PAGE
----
The Oregon Office of Emergency Management is not ready to declare emergencies for two Eastern Oregon counties due to flooding.

State Sen. Bill Hansell of Athena and state Rep. Greg Barreto of Cove, both Republicans, wrote a letter Monday urging Gov. Kate Brown to declare a state of emergency for Umatilla and Wallowa counties. Hansell said he heard about the flooding from Umatilla County Commissioner John Shafer, then reached out Barreto’s office. They conferred with more officials in Umatilla, Wallawa and Union counties, and his and Barreto’s office drafted the letter.

“I hand delivered it about 11:30 Monday morning,” Hansell said.

“These counties are in need of state and federal assistance as they work to combat rising waters and the aftermath of flooding,” the lawmakers stated in the letter to Brown, a Democrat. “A State of Emergency declaration from your office is needed in order for these counties to prepare and recover from the widespread flooding they are experiencing.”

Hansell said they also emailed the letter to Nik Blosser, Brown’s chief of staff, as well as a link to the city of Pendleton’s video showing the flooding along McKay Creek.

Later Monday, Hansell’s chief of staff, Evan Bryan, got a call from Andrew Phelps, the director of the Oregon Office of Emergency Management, who denied the request.

Phelps explained his office’s decision during a call Tuesday.

“There’s just not the justification for it,” he said.

An emergency declaration does not open up access to more funds, but rather is an administrative tool that allows the state to bypass certain regulations. Under a declaration, the state could send in National Guard troops, for example, reassign state employees or waive how many hours truckers can work to make sure fuel gets to the site of a crisis.

The U.S. Army Corps of Engineers provided tens of thousands of sandbags, Phelps said, and the state fire marshal’s office sent in an incident management team to oversee the response in Pendleton and to work with local officials. All of that was possible without the declaration.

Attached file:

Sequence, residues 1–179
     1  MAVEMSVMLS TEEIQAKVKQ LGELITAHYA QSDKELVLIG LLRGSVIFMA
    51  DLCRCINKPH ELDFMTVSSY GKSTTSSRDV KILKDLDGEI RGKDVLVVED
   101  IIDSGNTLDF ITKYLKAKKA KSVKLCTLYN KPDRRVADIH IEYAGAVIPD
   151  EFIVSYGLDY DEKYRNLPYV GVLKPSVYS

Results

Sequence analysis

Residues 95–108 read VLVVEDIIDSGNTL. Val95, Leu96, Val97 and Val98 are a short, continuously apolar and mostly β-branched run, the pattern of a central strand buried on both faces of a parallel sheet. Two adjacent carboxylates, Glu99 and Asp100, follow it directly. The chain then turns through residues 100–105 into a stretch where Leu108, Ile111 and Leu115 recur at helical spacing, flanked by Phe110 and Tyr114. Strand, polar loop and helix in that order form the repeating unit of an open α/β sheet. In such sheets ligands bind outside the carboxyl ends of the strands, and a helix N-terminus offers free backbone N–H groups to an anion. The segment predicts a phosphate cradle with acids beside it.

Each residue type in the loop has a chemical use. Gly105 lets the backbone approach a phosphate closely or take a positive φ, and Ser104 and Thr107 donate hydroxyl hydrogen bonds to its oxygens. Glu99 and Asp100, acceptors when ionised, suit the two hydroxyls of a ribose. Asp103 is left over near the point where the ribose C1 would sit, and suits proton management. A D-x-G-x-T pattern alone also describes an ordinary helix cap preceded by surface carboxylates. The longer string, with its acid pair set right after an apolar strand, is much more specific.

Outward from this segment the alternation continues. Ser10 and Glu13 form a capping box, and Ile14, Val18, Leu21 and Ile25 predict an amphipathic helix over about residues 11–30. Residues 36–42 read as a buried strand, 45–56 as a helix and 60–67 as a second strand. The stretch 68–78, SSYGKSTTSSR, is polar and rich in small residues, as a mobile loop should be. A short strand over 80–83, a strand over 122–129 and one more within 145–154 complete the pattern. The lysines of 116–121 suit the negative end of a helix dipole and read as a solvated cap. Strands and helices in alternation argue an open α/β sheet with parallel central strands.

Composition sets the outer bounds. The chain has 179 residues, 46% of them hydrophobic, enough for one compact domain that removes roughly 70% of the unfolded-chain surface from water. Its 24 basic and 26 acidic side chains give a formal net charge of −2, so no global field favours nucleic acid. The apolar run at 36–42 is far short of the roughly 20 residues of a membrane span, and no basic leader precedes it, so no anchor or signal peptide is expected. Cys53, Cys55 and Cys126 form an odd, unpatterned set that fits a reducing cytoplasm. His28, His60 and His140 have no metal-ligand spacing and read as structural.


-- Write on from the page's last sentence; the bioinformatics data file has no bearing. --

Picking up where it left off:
Phelps said his office is talking on a regular basis with Umatilla County emergency manager Tom Roberts, who told the state the local response was handling the flooding, even at its peak Saturday. If the justification arises, Phelps said, his office would not hesitate to declare an emergency.

Meanwhile, the incident command team reported six homes along McKay Creek in Pendleton remain without power. Crews surveyed 102 homes in the McKay area and found nine with flooded basements, 28 with subfloor or foundation flooding and 65 where water encroached on property, and more than 90 homes used sandbags.

The Bureau of Reclamation dropped the flow from McKay Dam to 1,500 cubic feet per second Tuesday, lowering the rush of water into the creek, with the goal of reducing it to 1,200 cfs by Wednesday. According to the bureau, back-to-back storms in the McKay Creek watershed produced record rainfall of 3 inches, well above the average April, which led to the need for the high discharge.

The latest updates on the flood reported the incident management team from the state returned command to local authorities Tuesday afternoon. Pendleton and Umatilla County will continue to work together as the scene transitions into the recovery stage.

The National Weather Service reported Tuesday’s rainfall is not as heavy as was forecasted. Most rainfall is coming from the north, and that does not directly affect the flooding in Pendleton.

The city reopened Struve Bridge at Kirk Extension for residents, and water is flowing freely below the private bridge at the city’s wastewater treatment plant.

People should stay out of flood water. The command team advised anyone who has to go into flooded areas to wear sturdy shoes to prevent injuries. Also, currents could cause falls and even drowning. Flooding also may have washed out roads and other areas, making them unstable. Anyone in the flood waters should wash thoroughly, including clothing and shoes, to prevent possible contamination.

Don’t stand in water when turning power off or on. Instead of wading through water to access the main power switch, call an an electrician. And keep generators outside to prevent carbon monoxide poisoning. The command team also urged locals to keep their sandbags in place.

The team is holding a community meeting Wednesday starting at 6 p.m at Sherwood Heights Elementary, 3235 S.W. Nye Ave., Pendleton, to provide information to the community members along McKay Creek.

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